E: Describe your musical style in five words.

Yugen: Insomnia meets diaristic, synth-centric sleeping-pill.

E: What inspired you to write “Calgary”?

Yugen: Girl meets girl. Girl moves to Calgary. Girl gets sad about it and writes song to make her come back.

E: If you could tour with any band/artist in Australia, who would it be and why?

Yugen: Rowland S. Howard for two reasons:

  1. Because it would mean he’d still be gracing the Earth with his post-punk brilliance.
  2. We feel we could learn from his artistic attitude toward music and performing. He’s just a downright babe.

E: What’s your favourite thing about the Melbourne music scene right now?

Yugen: The sense of community between a lot of artists and bands we’ve met lately has been really endearing. Everyone is keen to go along to one another’s shows, stand front and centre, and pay a big, encouraging grin.

E: What’s your favourite album for a rainy day?

Yugen: Aaliyah‘s self-titled album, Aaliyah (2001).


“Calgary” will float around in your head like a dream – I love its simple, yearning lyrics. Worth a good listen:

 

Looking forward to hearing more from this intriguing duo in their upcoming EP, Comatose in Altona.

By Erin Rooney

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This is what music should be about – Gig Review: Gang of Youths @ Frankie’s Pizza

Gang of Youths

Gang of Youths have all the makings of a memorable band: they’ve got great personality, discipline and friendship, but most of all they play straight up music with heart.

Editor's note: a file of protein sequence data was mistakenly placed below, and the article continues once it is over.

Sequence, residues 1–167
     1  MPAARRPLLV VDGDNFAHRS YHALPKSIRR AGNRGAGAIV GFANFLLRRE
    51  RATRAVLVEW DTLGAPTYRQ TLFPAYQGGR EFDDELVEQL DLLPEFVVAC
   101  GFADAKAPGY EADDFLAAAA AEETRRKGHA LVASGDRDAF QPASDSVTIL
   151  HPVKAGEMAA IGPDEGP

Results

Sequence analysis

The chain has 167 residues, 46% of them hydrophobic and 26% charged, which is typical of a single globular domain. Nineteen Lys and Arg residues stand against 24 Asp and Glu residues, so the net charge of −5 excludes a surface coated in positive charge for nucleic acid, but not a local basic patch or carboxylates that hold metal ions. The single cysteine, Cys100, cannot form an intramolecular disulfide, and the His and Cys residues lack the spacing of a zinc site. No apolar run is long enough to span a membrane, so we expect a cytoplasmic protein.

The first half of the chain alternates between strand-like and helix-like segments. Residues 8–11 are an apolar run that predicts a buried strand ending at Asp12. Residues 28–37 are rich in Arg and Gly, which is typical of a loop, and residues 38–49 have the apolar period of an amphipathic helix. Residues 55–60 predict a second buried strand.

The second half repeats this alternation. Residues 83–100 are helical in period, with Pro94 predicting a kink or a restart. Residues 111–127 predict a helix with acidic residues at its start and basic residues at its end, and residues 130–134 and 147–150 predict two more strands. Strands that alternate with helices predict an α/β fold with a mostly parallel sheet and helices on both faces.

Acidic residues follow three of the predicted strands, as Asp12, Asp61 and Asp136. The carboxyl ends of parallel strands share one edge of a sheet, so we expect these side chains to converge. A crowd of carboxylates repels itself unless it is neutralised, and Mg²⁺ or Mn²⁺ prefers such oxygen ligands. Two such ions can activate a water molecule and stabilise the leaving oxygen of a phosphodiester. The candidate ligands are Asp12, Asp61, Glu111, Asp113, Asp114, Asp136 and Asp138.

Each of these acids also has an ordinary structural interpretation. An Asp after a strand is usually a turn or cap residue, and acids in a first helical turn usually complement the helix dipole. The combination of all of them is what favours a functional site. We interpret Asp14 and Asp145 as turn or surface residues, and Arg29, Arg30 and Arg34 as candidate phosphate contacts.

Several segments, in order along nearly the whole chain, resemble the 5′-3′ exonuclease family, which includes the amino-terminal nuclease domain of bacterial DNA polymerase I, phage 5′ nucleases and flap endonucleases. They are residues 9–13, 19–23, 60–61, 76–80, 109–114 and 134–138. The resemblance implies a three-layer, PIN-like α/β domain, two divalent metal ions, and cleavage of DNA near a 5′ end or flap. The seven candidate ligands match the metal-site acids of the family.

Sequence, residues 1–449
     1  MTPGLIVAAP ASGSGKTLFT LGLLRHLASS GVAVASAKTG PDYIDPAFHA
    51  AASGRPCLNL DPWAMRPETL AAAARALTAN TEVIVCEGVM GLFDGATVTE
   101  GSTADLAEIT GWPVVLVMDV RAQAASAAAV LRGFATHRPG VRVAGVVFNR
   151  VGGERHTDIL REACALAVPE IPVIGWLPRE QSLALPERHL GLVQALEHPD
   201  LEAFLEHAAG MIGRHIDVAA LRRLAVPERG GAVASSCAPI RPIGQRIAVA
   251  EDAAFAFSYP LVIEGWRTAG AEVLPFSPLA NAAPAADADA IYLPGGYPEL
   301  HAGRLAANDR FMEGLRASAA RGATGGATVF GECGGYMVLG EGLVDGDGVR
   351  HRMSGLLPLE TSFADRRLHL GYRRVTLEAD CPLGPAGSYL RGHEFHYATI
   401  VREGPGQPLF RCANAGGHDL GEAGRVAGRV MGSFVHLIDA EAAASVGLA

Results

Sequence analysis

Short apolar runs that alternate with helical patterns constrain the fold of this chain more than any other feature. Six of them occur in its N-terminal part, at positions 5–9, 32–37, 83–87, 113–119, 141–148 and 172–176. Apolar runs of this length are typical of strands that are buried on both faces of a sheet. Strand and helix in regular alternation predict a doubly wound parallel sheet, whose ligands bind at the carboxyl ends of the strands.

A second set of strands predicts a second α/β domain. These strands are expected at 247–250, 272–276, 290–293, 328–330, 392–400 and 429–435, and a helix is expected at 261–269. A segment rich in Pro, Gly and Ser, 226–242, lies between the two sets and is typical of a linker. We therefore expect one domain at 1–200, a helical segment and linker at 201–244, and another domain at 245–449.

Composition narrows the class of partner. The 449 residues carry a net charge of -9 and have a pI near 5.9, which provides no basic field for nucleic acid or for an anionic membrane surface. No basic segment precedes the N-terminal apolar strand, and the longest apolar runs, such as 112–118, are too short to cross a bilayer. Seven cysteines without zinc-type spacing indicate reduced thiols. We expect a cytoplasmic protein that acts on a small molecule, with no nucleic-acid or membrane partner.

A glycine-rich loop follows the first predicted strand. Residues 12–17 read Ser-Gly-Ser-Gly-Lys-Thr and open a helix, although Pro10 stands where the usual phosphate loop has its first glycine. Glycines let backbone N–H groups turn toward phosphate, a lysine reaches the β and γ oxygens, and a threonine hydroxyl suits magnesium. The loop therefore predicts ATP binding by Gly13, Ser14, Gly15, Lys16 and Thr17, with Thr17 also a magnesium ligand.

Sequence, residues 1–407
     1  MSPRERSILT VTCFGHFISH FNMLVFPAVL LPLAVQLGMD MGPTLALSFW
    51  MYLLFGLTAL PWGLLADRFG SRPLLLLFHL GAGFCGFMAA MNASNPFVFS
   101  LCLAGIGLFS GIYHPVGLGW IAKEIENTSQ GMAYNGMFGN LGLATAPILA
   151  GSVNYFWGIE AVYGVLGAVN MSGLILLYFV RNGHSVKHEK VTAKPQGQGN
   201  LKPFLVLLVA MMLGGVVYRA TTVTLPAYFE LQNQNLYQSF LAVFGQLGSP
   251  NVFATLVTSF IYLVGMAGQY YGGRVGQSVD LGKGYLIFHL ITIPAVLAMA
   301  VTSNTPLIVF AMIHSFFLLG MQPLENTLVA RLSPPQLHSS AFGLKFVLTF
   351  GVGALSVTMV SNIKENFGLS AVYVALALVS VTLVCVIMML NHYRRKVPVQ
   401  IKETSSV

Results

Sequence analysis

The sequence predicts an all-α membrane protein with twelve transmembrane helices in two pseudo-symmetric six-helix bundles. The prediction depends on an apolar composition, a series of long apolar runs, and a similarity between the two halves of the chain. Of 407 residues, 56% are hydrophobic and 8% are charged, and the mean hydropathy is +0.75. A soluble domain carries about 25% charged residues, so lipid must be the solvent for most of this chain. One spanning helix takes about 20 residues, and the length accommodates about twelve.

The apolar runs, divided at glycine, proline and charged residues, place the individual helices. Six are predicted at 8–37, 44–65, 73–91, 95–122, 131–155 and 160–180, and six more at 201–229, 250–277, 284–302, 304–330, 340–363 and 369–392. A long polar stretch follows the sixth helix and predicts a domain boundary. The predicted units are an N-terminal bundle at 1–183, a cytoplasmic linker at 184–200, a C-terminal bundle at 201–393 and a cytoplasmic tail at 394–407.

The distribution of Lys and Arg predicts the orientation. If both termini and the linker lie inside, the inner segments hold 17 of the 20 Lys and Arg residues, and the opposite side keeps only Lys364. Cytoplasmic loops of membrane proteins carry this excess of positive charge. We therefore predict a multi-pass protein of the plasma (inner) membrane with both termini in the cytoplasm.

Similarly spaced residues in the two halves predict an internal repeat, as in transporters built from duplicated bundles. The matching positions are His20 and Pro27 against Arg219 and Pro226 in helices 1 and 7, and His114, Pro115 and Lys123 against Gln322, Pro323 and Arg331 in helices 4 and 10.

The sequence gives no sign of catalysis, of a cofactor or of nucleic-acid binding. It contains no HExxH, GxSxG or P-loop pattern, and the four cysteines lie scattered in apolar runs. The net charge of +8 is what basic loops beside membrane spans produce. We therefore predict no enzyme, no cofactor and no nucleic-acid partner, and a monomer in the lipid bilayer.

Their new album The Positions is curious and unique in concept alone – detailing the emotional reactions and experiences lead singer and guitarist David Le’aupepe had over the course of a four year relationship with a woman who had terminal cancer. So truly, the free album launch party they held at Frankie’s Pizza on Sunday evening was an absolute privilege to attend.

Frankie’s Pizza is the Sydney hub of grunge: it’s a smokey hole in the wall with decent pizza, alcohol served in plastic mugs, band posters from decades ago, and a whole lot of punk rock cred – so it gave a true hard rock feel to the night. It meant that Gang of Youths could easily transition from an indie rock mellow sound to a heavier sound that appears in tracks like “Radioface”:

David’s vocals very much brought to mind The National – emotional and coarse, yet warm and inviting. He exuded calm confidence throughout the set despite the raw content of his songs, which was on show particularly during “Magnolia” – a defiant song about a failed drunk suicide attempt.

And as with any great album launch, Gang of Youths had organised a special guest – fellow Sydney artist Montaigne – to help them sing “Benevolence Riots“. And you know how we feel about Aussies supporting Aussies. It’s always a winner.

Gang of Youths and Montaigne

The band’s gratitude for how far they’ve come made the whole venue feel like it was filled with a fan family, with Dave running to hug everyone in the crowd that he could. It was a special gig, because it could be one of the last of that size they ever play.

To catch Gang of Youths live, grab your tickets to The Positions Tour this May/June before they run out!

By Erin Rooney

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Song of the Week: Foolish by Alpine

Alpine music

You may remember Melbourne indie pop group Alpine from a couple of years ago when they released hits like Gasoline and Hands – and guess what, they’ve got another hit for you!

They’re back with slinky, sensual harmonies and danceable pop, and their new track “Foolish” is catchy in its repetitiveness. The recurring lyric “You brought too much metaphor to the relationship, to what I see, to how I kiss, yuck” hints at what’s to come with their new album, Yuck, out June 12. It seems they want to draw out that feeling of ‘yuck’ in the album too – looking at lots of little life experiences that bring out that reaction.

Here’s a taster:

 

I’m particularly loving the vocals in this one and how they play with the guitar riffs – it’s a lot of fun. Hope you enjoy for your Sunday listening!

By Erin Rooney

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Six Female Australian Music Producers To Watch